DEAN: I ended up on July the 21st, I believe, paying $3,788.88 out of my own pocket.
RICHMAN: Your Honor, I have no other questions.
YOUNG: Good morning, Mr. Ray.
RAY: Good morning, sir.
Mr. Ray, a few questions. You indicated that you ran for mayor of Sanford, is that correct?
RAY: Yes, I have.
YOUNG: Did you run as a Democrat?
RAY: Nonpartisan, sir.
YOUNG: And what percentage of the vote did you receive?
RAY: Probably 1 percent, I think I got 56 votes.
YOUNG: Fifty-six votes.
RAY: I believe that was correct.
YOUNG: And you said you ran for city commission two times, was that a partisan race?
RAY: That's nonpartisan.
YOUNG: OK, so your status as Democrat didn't matter one way or another in either of those races, either as mayor or the two races you ran for city commission, is that correct?
RAY: That's correct.
YOUNG: And what percentage of the vote did you get the first time you ran for city commission?
RAY: I think it was 17 percent.
YOUNG: OK. How about the second time?
RAY: Possibly 15.
YOUNG: And then when you -- county commission -- you indicated you ran for county commission for Seminole County, was that a partisan?
RAY: That was a partisan race.
YOUNG: OK. And you ran as a Democrat?
RAY: Yes, sir.
YOUNG: OK. What percentage of the vote did you get that time?
RAY: I think the tally was 33.2, 41,555 votes.
YOUNG: Now, you indicated that you had filed in attempt to -- or that you were seeking a number of signatures, a certain percentage of the vote?
YOUNG: A certain percentage of the electors, so you could avoid paying the filing fee, is that correct?
RAY: That's correct, sir.
YOUNG: You indicated that you had filed your notice of intent in June '99 to run, is that correct?
RAY: To my knowledge, that's when it was.
YOUNG: Let me show you what has been marked as plaintiff's exhibit number 4 for identification, Mr. Ray, do you recognize this as a letter from Sandra Goard as the chairman of the supervisor of elections office in Seminole County dated June 29, 2000, with respect to your letter of intent?
RAY: I -- most likely I don't know exactly everything in there, but I did get a letter from Sandra Goard.
YOUNG: OK. Do you see the first paragraph where it says, "please accept this letter as confirmation that we have received and verified 831 alternative method petitions for placement of your name on the primary/general election ballot as candidate of the Democratic Party for the office of county commission District 5"? Do you see that?
RAY: Yes, sir.
YOUNG: OK. Do you see in the second paragraph that it says "pursuant to Chapter 99.095 paren 3, comma, Florida statutes, you are required to obtain a minimum of 1,862 ballot signatures, parentheses, (a number of qualified electors of the county equal to at least 1 percent of the total number of registered votes of the county as of the proceeding general election)," end paren, period? Do you see that?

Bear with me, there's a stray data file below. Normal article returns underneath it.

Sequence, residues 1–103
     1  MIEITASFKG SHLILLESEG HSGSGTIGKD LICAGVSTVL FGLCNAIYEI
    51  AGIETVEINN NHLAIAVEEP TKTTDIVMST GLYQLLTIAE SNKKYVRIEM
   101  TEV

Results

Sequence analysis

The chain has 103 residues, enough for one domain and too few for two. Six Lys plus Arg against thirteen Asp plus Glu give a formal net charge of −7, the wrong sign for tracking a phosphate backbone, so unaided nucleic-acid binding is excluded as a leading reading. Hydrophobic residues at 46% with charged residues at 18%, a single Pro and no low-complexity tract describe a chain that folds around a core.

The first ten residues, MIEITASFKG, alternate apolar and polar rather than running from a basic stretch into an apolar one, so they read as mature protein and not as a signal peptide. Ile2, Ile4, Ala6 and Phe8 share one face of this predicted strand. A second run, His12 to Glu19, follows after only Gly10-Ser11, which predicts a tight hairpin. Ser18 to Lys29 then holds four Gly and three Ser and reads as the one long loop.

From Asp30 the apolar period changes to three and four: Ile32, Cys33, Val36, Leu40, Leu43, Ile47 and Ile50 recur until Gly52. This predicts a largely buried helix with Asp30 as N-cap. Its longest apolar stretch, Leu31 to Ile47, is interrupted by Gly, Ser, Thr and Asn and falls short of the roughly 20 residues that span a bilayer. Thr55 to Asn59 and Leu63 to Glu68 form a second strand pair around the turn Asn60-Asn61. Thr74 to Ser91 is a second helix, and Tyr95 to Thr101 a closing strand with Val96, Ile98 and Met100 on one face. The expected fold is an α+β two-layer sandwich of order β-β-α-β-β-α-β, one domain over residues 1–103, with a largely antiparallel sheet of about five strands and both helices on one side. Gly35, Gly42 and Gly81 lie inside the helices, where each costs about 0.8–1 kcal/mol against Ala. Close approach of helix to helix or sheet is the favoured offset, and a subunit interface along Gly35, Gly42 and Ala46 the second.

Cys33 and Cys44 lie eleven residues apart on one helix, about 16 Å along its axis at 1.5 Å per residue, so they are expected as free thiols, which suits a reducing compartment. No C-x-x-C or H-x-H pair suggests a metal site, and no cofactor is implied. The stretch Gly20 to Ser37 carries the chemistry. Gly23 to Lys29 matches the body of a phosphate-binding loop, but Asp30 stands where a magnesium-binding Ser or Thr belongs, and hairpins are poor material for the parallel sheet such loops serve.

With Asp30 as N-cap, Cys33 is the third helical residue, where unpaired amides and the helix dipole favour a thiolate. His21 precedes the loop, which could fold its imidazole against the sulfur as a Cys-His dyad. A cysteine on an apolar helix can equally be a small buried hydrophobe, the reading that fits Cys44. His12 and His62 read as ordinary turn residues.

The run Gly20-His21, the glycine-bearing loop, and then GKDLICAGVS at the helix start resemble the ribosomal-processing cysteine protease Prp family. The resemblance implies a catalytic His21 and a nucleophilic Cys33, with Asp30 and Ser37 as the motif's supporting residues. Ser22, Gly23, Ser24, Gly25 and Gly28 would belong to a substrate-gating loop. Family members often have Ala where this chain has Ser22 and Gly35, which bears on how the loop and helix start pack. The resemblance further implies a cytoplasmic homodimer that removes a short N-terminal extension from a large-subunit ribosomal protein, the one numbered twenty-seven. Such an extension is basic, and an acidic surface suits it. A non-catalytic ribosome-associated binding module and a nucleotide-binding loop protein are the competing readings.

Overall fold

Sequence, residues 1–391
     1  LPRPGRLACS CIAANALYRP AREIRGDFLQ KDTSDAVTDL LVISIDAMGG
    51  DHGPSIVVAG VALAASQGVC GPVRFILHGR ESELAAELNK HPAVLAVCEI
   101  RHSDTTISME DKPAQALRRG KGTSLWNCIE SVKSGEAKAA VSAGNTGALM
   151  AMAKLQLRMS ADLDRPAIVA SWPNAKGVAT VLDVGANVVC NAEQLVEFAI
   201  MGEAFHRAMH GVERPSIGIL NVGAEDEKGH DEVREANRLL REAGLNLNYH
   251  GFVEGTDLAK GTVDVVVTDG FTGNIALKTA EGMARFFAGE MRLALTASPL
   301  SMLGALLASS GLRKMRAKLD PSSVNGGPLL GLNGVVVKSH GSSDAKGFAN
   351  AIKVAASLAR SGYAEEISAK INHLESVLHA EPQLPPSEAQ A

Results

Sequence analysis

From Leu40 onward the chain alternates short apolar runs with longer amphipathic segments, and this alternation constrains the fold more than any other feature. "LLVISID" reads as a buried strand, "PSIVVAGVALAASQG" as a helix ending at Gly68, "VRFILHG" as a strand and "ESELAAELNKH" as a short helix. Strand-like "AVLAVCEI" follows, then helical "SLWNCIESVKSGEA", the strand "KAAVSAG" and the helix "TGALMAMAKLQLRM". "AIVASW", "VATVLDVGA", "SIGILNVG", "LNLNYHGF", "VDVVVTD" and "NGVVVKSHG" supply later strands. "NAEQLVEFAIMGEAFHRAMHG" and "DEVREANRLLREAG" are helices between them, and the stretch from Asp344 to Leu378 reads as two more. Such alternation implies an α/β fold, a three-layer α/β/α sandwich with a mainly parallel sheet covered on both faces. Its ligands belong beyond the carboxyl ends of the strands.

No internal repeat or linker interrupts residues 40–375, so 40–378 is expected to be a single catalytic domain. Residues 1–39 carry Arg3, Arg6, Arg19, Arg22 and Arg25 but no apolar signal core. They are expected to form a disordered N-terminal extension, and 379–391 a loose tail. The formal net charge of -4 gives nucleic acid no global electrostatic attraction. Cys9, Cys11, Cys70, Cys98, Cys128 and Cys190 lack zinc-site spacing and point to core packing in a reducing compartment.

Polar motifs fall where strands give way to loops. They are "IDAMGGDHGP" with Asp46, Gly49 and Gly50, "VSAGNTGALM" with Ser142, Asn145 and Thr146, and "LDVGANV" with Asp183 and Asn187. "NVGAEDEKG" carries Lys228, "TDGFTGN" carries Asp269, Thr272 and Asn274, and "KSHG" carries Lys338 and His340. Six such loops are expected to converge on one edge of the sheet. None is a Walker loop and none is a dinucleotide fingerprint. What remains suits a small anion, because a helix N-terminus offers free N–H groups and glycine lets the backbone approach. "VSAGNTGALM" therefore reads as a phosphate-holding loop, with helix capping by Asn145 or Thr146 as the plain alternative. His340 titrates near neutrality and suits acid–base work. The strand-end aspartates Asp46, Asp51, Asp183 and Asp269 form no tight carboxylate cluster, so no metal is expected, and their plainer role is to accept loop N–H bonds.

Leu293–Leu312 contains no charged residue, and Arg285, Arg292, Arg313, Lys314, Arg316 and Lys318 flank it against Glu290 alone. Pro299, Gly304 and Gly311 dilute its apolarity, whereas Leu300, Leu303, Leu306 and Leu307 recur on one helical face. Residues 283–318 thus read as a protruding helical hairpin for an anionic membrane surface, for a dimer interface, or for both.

RAY: Yes, sir.
YOUNG: Was that your understanding?
RAY: Yes, it is.
YOUNG: OK. And is it fair to say that as of that date that this letter is accurate and that you had only obtained 831 verified alternative method petitions?
RAY: That's correct. YOUNG: OK. So Ms. Goard is correct in her statement that, that is all you had obtained, and she is correct in her statement as to the number required?
RAY: Now, my records showed 829, but Ms. Goard's was 831.
YOUNG: She actually had more than you had on your records?
RAY: Yes, sir.
YOUNG: And it goes on and says, chapter 99.095, paren 4, paren lower case b, end paren, Florida statutes provides that impertinent part -- quote -- "prior to the first day of qualifying, the supervisor shall determine whether the number required" -- number -- excuse me -- "the required number of signatures has been obtained for the name of the candidate replaced on the ballot and shall notify the candidate. Results of signature verification process reflect that 644 of the 831 petitions you submitted are valid petitions which does not meet the minimum number of signatures required by law," do you see that?
RAY: Yes, sir.
YOUNG: OK. So, as of the date of this letter, you were a thousand -- approximately a thousand signatures short in the first place, right?
RAY: Yes, sir. Yes, sir.
YOUNG: And you were also informed by Ms. Goard at that point in time that approximately -- in excess of 125 signatures failed for one reason or another. Is that correct?
RAY: That was in -- probably in the first 400 or so.
YOUNG: OK. Did she not tell you, sir, precisely that the reasons the signatures failed that you described to Mr. Richman was not because of a lack of voter identification number, but because the signatures of the persons that you had obtained were not in fact registered voters in Seminole County?
RAY: She said she could not verify the signatures or verify that there was a voter.